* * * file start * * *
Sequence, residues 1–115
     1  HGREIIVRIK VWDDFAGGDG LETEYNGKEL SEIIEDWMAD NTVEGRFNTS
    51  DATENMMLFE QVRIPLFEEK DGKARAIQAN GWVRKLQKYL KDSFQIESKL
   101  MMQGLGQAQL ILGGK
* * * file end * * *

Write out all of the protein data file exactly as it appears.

Sequence, residues 1–115
     1  HGREIIVRIK VWDDFAGGDG LETEYNGKEL SEIIEDWMAD NTVEGRFNTS
    51  DATENMMLFE QVRIPLFEEK DGKARAIQAN GWVRKLQKYL KDSFQIESKL
   101  MMQGLGQAQL ILGGK